5 Reasons Landlords Do Not Accept Prepaid Rent

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It might seem like a winning proposition for a landlord to accept prepaid rent. After all, having a lump sum of cash is great. It’s a guarantee that you’ll pay rent and on time, because you did in advance. However, it’s not a good idea for all landlords to accept prepaid rent, and there are 5 reasons why they won’t accept it.

1 – Wants the Flexibility to Increase Rent

When the landlord accepts prepaid rent, they’re agreeing that you can pay that rent rate for the months you’ve prepaid. This locks them in, so that they can’t increase the rent. Many landlords want the flexibility to charge a higher rent down the road, and they won’t accept prepaid rent for that reason. By the way, you can at least try to use this tactic if you want to ensure that you’re not charged a higher rent for the months that you prepay. Some landlords will willingly accept the cash.

2 – Plans to Sell Apartment

A landlord might have plans to sell the apartment, and doesn’t want prepaid rent to hold up the deal. According to your state’s real estate laws, the buyer and seller must honor an existing lease agreement. A landlord who accepts prepaid rent from a tenant in a month-to-month lease has in fact extended the lease term that now has to be honored. A landlord may think it’s more marketable to sell the property to a buyer who knows that they can move in after closing.

3 – Intends to Terminate Lease

Acceptance of prepaid rent has the potential to extend the lease term, but the landlord may want to terminate the lease. If the landlord wants you to move out, they won’t accept prepaid rent. Some tenants try this strategy two or months prior to the lease termination to make sure that they have a place to live after the lease expires, and it’s a way to find out what whether the landlord plans to renew the lease based on their acceptance or refusal of the prepaid rent.

4 – Too Much Accounting

It’s one thing if you’re one of two tenants, or the landlord’s only tenant. It’s another thing if the landlord has multiple tenants and has to keep track of all the prepaid rents. This may result in the landlord hiring a bookkeeper or a property manager to keep track of everything. Your landlord may not view those options as economically beneficial to them, and will avoid the hassle by not accepting prepaid rent from anyone.  

5 – Doesn’t Want to Pay Interest

Another accounting headache in the eyes of a landlord is paying interest to tenants on prepaid rent. Some state laws require a landlord to pay interest if the prepaid rent exceeds six months. Some landlords don’t want to bother with this, or expose themselves to liability if they fail to pay interest.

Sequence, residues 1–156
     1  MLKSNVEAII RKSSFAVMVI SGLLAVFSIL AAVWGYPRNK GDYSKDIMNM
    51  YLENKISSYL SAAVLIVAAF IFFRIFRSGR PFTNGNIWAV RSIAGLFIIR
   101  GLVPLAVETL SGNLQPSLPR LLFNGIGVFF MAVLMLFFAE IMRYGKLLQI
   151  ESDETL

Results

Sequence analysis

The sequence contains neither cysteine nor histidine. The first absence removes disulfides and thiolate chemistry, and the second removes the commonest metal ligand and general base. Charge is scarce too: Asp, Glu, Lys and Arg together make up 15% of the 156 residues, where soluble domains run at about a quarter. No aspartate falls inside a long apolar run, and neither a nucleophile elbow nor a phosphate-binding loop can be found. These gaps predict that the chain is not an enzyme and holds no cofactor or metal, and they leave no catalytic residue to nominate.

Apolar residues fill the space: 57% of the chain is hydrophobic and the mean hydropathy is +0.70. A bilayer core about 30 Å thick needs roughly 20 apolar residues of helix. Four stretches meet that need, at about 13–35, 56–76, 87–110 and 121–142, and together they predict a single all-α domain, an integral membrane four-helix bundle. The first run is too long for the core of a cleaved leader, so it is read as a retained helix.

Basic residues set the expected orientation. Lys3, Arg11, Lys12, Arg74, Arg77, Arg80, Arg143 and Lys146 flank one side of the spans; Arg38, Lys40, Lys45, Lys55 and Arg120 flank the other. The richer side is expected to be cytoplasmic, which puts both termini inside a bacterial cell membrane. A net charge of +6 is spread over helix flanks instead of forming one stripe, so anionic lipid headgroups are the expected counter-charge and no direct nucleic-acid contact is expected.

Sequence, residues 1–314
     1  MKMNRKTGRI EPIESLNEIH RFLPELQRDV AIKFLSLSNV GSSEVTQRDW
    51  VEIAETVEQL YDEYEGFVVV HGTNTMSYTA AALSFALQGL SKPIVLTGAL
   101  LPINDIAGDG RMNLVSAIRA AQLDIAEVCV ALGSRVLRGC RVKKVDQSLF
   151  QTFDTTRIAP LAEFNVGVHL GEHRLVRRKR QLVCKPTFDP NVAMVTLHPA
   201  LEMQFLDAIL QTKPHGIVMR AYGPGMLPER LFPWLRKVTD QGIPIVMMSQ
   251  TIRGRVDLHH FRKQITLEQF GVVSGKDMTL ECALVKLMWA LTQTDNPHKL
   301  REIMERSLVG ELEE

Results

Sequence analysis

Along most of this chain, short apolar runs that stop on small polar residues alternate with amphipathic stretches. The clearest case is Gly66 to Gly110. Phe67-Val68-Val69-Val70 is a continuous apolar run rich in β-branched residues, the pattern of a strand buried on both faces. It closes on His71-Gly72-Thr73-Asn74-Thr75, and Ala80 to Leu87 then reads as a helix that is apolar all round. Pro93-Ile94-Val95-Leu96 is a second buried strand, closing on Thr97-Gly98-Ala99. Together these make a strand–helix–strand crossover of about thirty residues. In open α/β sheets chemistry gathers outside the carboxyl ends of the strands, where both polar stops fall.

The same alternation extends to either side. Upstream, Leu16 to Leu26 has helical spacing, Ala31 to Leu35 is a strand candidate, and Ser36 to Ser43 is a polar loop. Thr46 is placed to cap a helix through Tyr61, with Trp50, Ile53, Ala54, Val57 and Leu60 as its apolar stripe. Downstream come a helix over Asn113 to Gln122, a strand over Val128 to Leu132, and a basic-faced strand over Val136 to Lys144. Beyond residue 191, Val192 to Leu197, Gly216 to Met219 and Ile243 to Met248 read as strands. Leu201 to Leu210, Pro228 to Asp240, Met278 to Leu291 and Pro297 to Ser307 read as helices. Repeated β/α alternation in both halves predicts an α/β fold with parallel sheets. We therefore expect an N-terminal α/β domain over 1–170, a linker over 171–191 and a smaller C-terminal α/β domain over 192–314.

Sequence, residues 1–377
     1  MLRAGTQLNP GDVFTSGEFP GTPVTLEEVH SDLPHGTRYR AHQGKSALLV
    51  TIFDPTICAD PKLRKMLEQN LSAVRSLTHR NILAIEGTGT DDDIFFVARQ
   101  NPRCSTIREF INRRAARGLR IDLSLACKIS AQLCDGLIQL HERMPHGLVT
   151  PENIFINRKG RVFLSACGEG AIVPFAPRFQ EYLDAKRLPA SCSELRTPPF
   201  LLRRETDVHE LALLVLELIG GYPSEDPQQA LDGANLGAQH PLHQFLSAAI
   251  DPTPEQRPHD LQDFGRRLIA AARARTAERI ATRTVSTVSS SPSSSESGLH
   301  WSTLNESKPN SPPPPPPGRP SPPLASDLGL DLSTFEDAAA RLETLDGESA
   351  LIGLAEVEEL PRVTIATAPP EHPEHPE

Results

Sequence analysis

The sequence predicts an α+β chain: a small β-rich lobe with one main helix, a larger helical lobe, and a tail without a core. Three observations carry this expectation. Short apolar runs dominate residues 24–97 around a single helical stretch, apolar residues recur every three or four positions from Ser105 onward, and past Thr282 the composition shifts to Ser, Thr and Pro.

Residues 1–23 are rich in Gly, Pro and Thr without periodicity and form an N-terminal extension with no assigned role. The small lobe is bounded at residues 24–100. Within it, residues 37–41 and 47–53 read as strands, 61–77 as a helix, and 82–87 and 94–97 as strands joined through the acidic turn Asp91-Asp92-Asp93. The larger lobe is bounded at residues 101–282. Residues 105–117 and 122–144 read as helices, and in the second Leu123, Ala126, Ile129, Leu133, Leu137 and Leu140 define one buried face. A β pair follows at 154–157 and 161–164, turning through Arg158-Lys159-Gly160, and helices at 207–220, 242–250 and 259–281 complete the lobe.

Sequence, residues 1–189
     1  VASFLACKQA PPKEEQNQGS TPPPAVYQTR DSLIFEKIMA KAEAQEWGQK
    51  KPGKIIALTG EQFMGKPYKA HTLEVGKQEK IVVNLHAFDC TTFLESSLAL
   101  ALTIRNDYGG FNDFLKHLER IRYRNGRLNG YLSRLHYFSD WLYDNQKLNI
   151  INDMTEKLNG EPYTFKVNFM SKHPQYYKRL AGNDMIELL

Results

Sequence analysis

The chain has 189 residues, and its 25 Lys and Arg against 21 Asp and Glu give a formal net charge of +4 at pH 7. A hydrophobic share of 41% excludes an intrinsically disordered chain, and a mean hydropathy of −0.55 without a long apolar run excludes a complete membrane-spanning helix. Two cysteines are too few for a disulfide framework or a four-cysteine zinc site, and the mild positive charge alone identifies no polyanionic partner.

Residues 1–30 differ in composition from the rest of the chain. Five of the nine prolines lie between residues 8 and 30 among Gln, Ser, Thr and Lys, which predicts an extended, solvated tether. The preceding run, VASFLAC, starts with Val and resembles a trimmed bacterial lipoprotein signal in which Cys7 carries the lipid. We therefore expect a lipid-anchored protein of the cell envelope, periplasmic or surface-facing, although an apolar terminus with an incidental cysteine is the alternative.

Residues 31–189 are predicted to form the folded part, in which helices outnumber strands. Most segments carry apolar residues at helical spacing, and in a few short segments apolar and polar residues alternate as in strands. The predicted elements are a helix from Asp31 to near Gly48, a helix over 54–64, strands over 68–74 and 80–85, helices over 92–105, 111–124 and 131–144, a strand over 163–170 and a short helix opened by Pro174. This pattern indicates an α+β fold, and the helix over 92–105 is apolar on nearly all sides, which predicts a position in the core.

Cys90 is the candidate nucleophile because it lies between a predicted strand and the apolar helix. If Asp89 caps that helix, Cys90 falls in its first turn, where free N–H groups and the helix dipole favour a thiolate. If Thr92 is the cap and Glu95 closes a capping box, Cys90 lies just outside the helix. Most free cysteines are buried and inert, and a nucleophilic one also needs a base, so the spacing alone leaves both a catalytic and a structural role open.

If you can get the landlord to accept prepaid rent, and you can afford to pay it, you’ll benefit as a tenant. However, don’t be surprised if they refuse to accept it for these reasons.

4 Responses to “5 Reasons Landlords Do Not Accept Prepaid Rent”

  1. September 24, 2010 at 12:19 am, Donna said:

    I was given a three day notice in March 2010 because of a nusiance – loud music late at night from my apt. nothing further happened until July 2010 – when landlord came to my apt and said there were two complaints for again loud music late at night and that I would be evicted – he also gave me an option to move out voluntarily and sign that I would move out within the month I refused to sign any paper work – so far nothing has happened no word from landlord or management but they have not cashed my check for August or September – what does this mean?


  2. May 06, 2011 at 5:18 pm, Paul Anderson said:

    Those with a credit report showing that they skipped on a mortgage or rental payment are denied a rental, even though they (may now) have the money to rent. Consequently, they are made (or remain) homeless, where they qualify for services at homeless shelters, which are subsidized by Federal, State or County funds (or a combination thereof), which then places the burden upon all taxpayers. In other words, the landlords are freed of the burden, and as taxpayers themselves, that burden is only a fraction of potential rental losses. This vicious cycle perpetuates the situation, because a homeless person has an almost zero percent chance of improving their situation, which in turn, causes or perpetuates depression, addiction and so on. This situation is acceptable to the profiteers who use land to make their fortunes, but it harms the poor who cannot break these financial bonds, and why the old adage – the rich get richer and the poor get poorer – is truth.


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